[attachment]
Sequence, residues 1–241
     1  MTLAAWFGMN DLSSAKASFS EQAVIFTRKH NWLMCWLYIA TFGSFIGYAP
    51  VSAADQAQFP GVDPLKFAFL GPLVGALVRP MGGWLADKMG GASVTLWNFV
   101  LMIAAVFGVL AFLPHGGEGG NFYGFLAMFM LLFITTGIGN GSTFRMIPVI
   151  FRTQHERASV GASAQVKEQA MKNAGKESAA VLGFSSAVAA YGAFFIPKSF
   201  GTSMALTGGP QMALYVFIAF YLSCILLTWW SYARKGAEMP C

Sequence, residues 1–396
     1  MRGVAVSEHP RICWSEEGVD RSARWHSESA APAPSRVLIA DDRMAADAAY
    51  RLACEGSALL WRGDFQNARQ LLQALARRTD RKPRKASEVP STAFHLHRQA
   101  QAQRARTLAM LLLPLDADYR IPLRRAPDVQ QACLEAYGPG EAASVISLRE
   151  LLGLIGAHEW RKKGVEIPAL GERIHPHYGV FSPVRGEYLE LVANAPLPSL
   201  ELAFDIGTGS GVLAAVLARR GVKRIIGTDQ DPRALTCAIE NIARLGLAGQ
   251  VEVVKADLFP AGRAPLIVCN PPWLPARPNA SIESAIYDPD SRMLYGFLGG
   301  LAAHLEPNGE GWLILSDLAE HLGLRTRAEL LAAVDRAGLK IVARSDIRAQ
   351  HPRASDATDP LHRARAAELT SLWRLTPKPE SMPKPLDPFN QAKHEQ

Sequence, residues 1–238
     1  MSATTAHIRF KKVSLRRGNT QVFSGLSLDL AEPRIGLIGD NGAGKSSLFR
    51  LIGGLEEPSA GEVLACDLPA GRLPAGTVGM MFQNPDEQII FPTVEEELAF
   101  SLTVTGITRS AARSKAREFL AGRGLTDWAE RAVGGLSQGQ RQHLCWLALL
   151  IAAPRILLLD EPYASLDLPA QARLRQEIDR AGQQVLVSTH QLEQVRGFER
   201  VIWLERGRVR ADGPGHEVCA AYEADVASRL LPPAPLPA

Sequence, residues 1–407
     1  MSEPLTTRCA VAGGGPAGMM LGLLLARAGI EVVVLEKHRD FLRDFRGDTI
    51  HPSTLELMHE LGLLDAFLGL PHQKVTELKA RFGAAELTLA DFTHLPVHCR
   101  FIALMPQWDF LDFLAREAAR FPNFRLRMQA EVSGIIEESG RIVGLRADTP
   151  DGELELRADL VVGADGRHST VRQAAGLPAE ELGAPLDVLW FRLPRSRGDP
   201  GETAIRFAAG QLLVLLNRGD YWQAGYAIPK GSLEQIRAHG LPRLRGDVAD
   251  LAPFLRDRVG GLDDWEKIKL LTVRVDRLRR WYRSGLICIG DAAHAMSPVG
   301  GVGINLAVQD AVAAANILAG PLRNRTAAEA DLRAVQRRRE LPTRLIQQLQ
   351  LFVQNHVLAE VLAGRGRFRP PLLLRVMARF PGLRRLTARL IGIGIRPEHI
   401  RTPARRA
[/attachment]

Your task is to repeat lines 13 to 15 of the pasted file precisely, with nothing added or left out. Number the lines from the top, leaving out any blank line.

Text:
   251  VEVVKADLFP AGRAPLIVCN PPWLPARPNA SIESAIYDPD SRMLYGFLGG
   301  LAAHLEPNGE GWLILSDLAE HLGLRTRAEL LAAVDRAGLK IVARSDIRAQ
   351  HPRASDATDP LHRARAAELT SLWRLTPKPE SMPKPLDPFN QAKHEQ